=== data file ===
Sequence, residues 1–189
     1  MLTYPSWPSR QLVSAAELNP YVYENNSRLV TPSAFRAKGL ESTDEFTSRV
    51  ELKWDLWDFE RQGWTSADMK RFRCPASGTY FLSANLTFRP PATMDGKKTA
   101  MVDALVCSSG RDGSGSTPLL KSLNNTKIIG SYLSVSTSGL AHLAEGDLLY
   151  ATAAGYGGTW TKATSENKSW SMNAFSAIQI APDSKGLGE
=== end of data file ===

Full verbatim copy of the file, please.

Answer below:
Sequence, residues 1–189
     1  MLTYPSWPSR QLVSAAELNP YVYENNSRLV TPSAFRAKGL ESTDEFTSRV
    51  ELKWDLWDFE RQGWTSADMK RFRCPASGTY FLSANLTFRP PATMDGKKTA
   101  MVDALVCSSG RDGSGSTPLL KSLNNTKIIG SYLSVSTSGL AHLAEGDLLY
   151  ATAAGYGGTW TKATSENKSW SMNAFSAIQI APDSKGLGE